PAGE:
The abuse going on with Naropa University and, to a larger extent, Shambhala International is not well documented outside of some arcane references in the annals of Buddhist scholarship and the Beat Poetry traditions. Since Chogyam Trungpa and many of the luminaries that lent their names to Naropa, giving it undeserved credibility, have all but died off (there are a couple still alive) – there is little attention in the here and now about the ongoing abuse at Naropa University. This is the only place (that I know of) where the modern day abuses at Naropa University and Shambhala International is coming to light. I get e-mails regularly from people asking me for help or to share people’s stories. I always make sure that anonymity of those hurt by the abuse is protected unless I am given permission to publish the story and/or the name of the person who contacted me. I believe in exposing Naropa, and I believe Naropa’s fraud and abuse needs to stop, but I am committed to fighting that abuse in a civil manner.
On my twitter feed, I have a follower with someone who claims that they are the target of abuse at Sheridan College in Ontario, Canada. They maintain a website where they document the steps they took to resolve the abuse and what is going on. I do believe wholeheartedly that abusive behaviour in higher education needs to be stopped. Having said that, though, there are some points in her claims where I must question the validity of her assertion. She does not include screenshots of the offending posts on Sheridan College’s message boards and there are links on the bottom of her site are truly… troubling because they lead to sites with very homophobic, hateful and derogatory material. Additionally, some of the content on the anti-Sheridan blogspot website is repeated in the website with the hate speech, leading me to believe that the sites are owned by the same person. I highly doubt that their story is accurate given the derogatory things they publish against gay people and how they blame a Canadian judge for a disgusting act by her ex spouse (who posted naked pictures of her on the Internet) and try to make her seem like a bad person because of it. It is for these reasons why I refuse to link to her site, I feel as though the site is extremely derogatory in nature.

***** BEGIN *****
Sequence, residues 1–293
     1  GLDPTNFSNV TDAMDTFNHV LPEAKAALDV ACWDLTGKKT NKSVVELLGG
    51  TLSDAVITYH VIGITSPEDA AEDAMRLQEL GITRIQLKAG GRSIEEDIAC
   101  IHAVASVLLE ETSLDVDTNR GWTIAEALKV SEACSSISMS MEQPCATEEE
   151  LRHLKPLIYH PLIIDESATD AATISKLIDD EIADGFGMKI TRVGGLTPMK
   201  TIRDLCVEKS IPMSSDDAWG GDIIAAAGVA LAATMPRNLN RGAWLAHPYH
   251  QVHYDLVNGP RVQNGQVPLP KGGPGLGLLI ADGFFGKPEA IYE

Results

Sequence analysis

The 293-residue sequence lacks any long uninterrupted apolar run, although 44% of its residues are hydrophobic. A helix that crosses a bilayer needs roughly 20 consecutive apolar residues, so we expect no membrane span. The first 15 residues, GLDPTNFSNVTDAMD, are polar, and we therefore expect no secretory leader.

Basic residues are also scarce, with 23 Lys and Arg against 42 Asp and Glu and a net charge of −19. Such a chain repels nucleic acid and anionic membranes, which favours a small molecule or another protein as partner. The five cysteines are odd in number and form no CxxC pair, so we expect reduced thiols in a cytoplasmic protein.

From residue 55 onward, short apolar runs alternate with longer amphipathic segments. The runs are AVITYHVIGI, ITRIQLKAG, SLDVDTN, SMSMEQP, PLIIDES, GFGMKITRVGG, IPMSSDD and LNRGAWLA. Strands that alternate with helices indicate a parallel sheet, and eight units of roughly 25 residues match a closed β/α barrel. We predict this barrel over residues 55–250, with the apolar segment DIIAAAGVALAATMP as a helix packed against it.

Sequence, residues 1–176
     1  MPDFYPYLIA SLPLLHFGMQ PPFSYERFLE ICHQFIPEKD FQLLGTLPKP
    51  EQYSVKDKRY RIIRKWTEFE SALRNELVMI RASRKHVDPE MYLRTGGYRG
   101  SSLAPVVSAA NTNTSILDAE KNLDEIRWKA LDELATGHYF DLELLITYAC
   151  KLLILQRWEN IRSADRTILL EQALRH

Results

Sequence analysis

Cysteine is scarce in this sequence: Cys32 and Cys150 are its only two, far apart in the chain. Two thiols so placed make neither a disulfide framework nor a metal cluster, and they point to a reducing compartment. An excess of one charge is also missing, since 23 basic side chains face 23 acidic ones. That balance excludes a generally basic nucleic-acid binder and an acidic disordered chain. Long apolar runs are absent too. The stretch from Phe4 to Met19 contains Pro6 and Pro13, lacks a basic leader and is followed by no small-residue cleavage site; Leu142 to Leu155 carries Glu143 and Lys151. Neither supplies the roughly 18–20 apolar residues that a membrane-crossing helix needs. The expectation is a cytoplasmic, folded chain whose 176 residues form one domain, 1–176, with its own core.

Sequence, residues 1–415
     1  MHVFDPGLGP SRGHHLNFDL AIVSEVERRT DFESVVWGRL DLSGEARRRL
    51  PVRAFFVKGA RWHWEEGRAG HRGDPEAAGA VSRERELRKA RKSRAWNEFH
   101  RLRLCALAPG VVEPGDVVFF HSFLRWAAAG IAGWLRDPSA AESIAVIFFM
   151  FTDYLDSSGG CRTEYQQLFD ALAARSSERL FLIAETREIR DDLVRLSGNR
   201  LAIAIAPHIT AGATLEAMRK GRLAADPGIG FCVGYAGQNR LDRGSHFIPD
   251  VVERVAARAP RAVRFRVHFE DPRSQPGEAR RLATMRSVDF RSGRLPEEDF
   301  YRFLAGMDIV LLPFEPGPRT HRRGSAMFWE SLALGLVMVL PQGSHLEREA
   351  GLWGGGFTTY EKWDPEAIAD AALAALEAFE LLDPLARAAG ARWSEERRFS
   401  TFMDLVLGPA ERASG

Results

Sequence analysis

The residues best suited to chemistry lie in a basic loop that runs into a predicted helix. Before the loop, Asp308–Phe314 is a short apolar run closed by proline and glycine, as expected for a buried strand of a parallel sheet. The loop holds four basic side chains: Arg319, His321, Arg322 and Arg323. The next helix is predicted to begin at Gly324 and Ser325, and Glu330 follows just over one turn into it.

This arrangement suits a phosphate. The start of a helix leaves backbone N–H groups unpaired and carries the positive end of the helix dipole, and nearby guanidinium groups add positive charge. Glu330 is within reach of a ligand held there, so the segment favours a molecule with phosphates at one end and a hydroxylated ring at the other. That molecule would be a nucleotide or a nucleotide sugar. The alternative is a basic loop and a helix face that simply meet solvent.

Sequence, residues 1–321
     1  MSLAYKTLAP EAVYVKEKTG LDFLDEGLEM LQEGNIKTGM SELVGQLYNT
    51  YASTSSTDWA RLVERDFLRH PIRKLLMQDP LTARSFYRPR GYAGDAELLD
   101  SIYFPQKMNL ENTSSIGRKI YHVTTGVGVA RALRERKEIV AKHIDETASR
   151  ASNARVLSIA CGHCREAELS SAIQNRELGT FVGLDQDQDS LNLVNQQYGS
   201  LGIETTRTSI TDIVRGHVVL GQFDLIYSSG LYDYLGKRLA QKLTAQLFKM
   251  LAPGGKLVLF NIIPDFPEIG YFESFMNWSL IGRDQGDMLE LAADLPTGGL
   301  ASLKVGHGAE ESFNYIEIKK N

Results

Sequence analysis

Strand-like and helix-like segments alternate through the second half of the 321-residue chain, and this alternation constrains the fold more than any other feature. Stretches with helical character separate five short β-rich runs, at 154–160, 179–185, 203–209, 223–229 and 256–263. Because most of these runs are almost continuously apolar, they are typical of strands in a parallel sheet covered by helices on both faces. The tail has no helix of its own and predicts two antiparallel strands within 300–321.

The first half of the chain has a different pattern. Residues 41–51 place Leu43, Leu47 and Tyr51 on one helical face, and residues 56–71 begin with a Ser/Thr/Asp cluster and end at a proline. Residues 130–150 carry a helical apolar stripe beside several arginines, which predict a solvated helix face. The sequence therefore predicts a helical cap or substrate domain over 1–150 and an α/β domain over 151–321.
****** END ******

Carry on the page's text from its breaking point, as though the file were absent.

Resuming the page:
And now we come full-circle to the work I do here at Boulder Buddhist Scam. In the recent months, I have posted content based on e-mails I receive from my readers. I recognize that because of my commitment to presenting an accurate picture of what Naropa is, my site is often a place where people who need to share their experiences can come to. I also recognize that being the only person running a site dedicated to exposing the fraud and abuse of Naropa University opens me up to over-zealous alumni trying to vigorously defend Naropa and it’s programs. I believe in letting both sides have their say and accept feedback from Naropa supporters, as well as it’s detractors (though I don’t post positive Naropa stories simply because Naropa’s admissions office does a pretty good job of spamming those stories). But I have an obligation to those who share their stories with me to be completely ethical. If I am wrong about Naropa, it is my duty to issue a retraction and I do hope that I do my best to offer a fair and reasonable assessment of what Naropa is so that people can make up their own minds. I will not compromise that position by posting hate speech, lies or incorrect information (or sharing links to those who do). I will not succumb to petty attacks or cheap shots because those things get us nowhere.
I hold this standard because this website also gets attention from people applying for admission to Naropa, people we can save from the scam, and current students and staff that have serious concerns about the way Naropa University is run. I need to make sure that they get the information that they need so that they can make their own choice. Since the days I ran The Naropa Biz and up to today, I have always treated this duty with the utmost of respect.